Ventilator associated lung injury

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  • An acute lung injury that is suspected to have developed during mechanical ventilation is termed ventilator-associated lung injury (VALI).
  • If it can be proven that the mechanical ventilation caused the acute lung injury it is termed ventilator-induced lung injury (VILI).
  • VALI is the appropriate term in most clinical situations because it is virtually impossible to prove causation outside of the research laboratory.
  • VALI is alveolar injury caused by overexpansion of alveoli (volutrauma), repeated alveolar collapse and expansion (RACE), and cyclic atelectasis.
  • Eventually, in serve VALI/ARDS alveoli edema/bleeding and loss of surfactant can cause complete alveoli collapse. [2]

Clinical Features

  • Indistinguishable from ARDS.
Clinical signs
  • Hypoxemic - or requiring a greater fraction of inspired oxygen (FiO2) to maintain the same arterial oxygen tension.
  • Tachypneic
  • Tachycardic
  • VALI may also be associated with multiple organ dysfunction syndrome (MODS).[3]
  • CXR - increased bilateral interstitial or alveolar opacities of any severity.
  • Computed tomography (CT) - heterogeneous consolidation and atelectasis, as well as focal hyperlucent areas that represent overdistended lung.[4]

Differential Diagnosis


Check for Deterioration after intubation (DOPE)
  • D - Displacement of tube → Attach end-tidal CO2 to verify and check depth (cm at lip)
  • O - Obstruction of tube/circuit → Use suction catheter to remove mucus plug, or make sure patient not biting down
  • P - Pneumothorax → Verify via ultrasound, CXR, or needle thoracostomy (high suspicion)
  • E - Equipment failure → Connect to BVM
  • S - Stacked breaths → Auto-PEEP especially in COPD/Asthma → Disconnect from ventilator

VALI does NOT need to be distinguished from Acute respiratory distress syndrome because evaluation and management are the same.[5]

  • CXR
  • CBC
  • Chem 10
  • UA
  • LFT
  • Lipase
  • PT/PTT
  • Influenza (seasonal)
  • Blood cultures
  • Lactate
  • Consider bedside echo
  • Consider ABG/VBG
  • Consider BNP


Prevention is key with ventilator lung protective settings.

Management is the same as ARDS:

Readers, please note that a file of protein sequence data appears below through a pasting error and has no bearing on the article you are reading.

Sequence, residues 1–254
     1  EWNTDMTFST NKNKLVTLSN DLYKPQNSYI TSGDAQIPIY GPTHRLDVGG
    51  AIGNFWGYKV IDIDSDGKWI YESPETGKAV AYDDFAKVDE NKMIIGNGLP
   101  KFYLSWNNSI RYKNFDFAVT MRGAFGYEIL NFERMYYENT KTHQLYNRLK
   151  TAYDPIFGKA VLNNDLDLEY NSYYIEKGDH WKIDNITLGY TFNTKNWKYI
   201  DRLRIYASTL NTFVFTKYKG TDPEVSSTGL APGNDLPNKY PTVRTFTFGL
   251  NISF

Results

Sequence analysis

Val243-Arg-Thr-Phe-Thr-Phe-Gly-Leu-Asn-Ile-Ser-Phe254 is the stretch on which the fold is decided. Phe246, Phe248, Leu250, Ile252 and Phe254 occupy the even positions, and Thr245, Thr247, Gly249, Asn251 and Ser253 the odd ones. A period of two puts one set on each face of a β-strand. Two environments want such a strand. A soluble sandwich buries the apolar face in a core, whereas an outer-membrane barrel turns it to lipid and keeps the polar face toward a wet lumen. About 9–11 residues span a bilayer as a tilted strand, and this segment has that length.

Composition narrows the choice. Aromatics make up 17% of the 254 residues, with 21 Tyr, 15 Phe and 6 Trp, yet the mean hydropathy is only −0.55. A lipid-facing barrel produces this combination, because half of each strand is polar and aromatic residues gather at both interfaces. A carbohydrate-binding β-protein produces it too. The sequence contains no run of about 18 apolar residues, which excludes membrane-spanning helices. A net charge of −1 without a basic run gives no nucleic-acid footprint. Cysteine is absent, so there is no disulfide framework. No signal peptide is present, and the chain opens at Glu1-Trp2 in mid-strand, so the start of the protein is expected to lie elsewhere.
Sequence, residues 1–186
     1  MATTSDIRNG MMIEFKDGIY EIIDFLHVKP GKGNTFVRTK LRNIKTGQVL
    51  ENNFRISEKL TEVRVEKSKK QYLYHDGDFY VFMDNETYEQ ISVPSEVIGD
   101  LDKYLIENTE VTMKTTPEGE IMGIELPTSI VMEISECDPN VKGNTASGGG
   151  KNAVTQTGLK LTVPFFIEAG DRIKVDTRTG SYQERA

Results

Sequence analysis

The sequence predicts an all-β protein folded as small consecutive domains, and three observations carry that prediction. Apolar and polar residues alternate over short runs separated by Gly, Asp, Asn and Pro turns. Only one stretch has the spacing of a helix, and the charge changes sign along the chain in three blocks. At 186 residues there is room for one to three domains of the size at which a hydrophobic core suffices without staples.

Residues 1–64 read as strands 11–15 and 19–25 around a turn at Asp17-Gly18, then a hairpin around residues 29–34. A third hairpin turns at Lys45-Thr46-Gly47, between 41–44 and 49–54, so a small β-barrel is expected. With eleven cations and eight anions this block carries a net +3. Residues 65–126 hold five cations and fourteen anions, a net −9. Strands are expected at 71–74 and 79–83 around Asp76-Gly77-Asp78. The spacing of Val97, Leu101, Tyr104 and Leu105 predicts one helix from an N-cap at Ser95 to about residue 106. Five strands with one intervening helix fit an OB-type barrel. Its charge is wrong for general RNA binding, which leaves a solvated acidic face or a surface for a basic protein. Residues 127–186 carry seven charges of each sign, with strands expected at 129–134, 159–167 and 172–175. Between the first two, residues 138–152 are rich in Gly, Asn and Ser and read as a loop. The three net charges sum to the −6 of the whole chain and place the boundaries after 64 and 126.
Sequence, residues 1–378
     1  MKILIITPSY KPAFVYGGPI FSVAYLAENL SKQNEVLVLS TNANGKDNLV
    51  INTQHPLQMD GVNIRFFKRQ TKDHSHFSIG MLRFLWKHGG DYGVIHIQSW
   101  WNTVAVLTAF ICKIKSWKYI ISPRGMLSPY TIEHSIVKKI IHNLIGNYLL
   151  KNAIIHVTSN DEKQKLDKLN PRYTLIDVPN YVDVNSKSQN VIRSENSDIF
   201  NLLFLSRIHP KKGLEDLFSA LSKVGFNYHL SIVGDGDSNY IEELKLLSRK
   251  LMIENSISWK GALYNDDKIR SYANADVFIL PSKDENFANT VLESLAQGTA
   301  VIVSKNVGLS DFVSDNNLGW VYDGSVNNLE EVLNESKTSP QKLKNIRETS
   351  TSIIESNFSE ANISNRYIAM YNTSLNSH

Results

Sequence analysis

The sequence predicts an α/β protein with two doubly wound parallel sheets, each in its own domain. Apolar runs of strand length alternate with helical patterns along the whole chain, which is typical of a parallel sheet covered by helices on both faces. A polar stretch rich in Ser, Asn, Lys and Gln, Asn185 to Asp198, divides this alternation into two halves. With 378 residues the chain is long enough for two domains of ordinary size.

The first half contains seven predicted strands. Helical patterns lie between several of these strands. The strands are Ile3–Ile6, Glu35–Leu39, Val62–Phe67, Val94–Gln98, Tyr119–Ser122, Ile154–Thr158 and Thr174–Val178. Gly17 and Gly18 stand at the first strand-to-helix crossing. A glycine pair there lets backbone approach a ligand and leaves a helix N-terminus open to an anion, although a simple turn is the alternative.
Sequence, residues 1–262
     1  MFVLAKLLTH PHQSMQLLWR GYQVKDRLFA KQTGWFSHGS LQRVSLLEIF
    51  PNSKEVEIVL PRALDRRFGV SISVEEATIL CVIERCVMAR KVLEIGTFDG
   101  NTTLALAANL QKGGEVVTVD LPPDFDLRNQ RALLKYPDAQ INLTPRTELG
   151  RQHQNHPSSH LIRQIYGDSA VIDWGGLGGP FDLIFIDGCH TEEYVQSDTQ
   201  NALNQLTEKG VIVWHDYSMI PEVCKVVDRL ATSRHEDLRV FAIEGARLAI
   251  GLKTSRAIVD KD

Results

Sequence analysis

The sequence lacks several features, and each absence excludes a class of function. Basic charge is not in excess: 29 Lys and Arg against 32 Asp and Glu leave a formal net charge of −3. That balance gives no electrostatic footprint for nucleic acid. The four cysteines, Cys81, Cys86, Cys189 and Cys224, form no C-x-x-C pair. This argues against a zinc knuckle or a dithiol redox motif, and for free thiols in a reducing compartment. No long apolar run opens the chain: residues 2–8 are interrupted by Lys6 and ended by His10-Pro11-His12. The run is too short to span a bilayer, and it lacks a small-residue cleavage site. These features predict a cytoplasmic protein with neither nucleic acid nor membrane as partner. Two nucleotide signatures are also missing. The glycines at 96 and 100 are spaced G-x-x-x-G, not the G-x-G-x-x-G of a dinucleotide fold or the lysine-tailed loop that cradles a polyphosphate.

• Continue mechanical ventilation.
  • Apply lung protective settings.
  • Treat underlying causes.
  • Supportive care
Ventilator Lung Protective Settings
  • Mode: AC (Assist Control). - Fully supported mode (rather than partially supported) on either volume (better studied) or pressure control (both acceptable).
  • Tidal volume: 6ml/kg of predicted body weight (PBW)
  • RR: 12-14bpm
  • PEEP - cm H2O
  • I:E - 2
  • Plateau pressure: ≤30 cm H2O

Also see Ventilator Management


  • Admit to ICU

See Also

Mechanical ventilation (main)

External Links



  1. Gajic O, Dara SI, Mendez JL, et al. Ventilator-associated lung injury in patients without acute lung injury at the onset of mechanical ventilation. Crit Care Med 2004; 32:1817.
  2. Rouby JJ, Brochard L (2007). "Tidal recruitment and overinflation in acute respiratory distress syndrome: yin and yang.". Am J Respir Crit Care Med 175 (2): 104–6. doi:10.1164/rccm.200610-1564ED. PMID 17200505.
  3. Plötz FB, Slutsky AS, van Vught AJ, Heijnen CJ. Ventilator-induced lung injury and multiple system organ failure: a critical review of facts and hypotheses. Intensive Care Med 2004; 30:1865.
  4. International consensus conferences in intensive care medicine: Ventilator-associated Lung Injury in ARDS. This official conference report was cosponsored by the American Thoracic Society, The European Society of Intensive Care Medicine, and The Societé de Réanimation de Langue Française, and was approved by the ATS Board of Directors, July 1999. Am J Respir Crit Care Med 1999; 160:2118.
  5. Ventilation with lower tidal volumes as compared with traditional tidal volumes for acute lung injury and the acute respiratory distress syndrome. The Acute Respiratory Distress Syndrome Network. N Engl J Med 2000; 342:1301.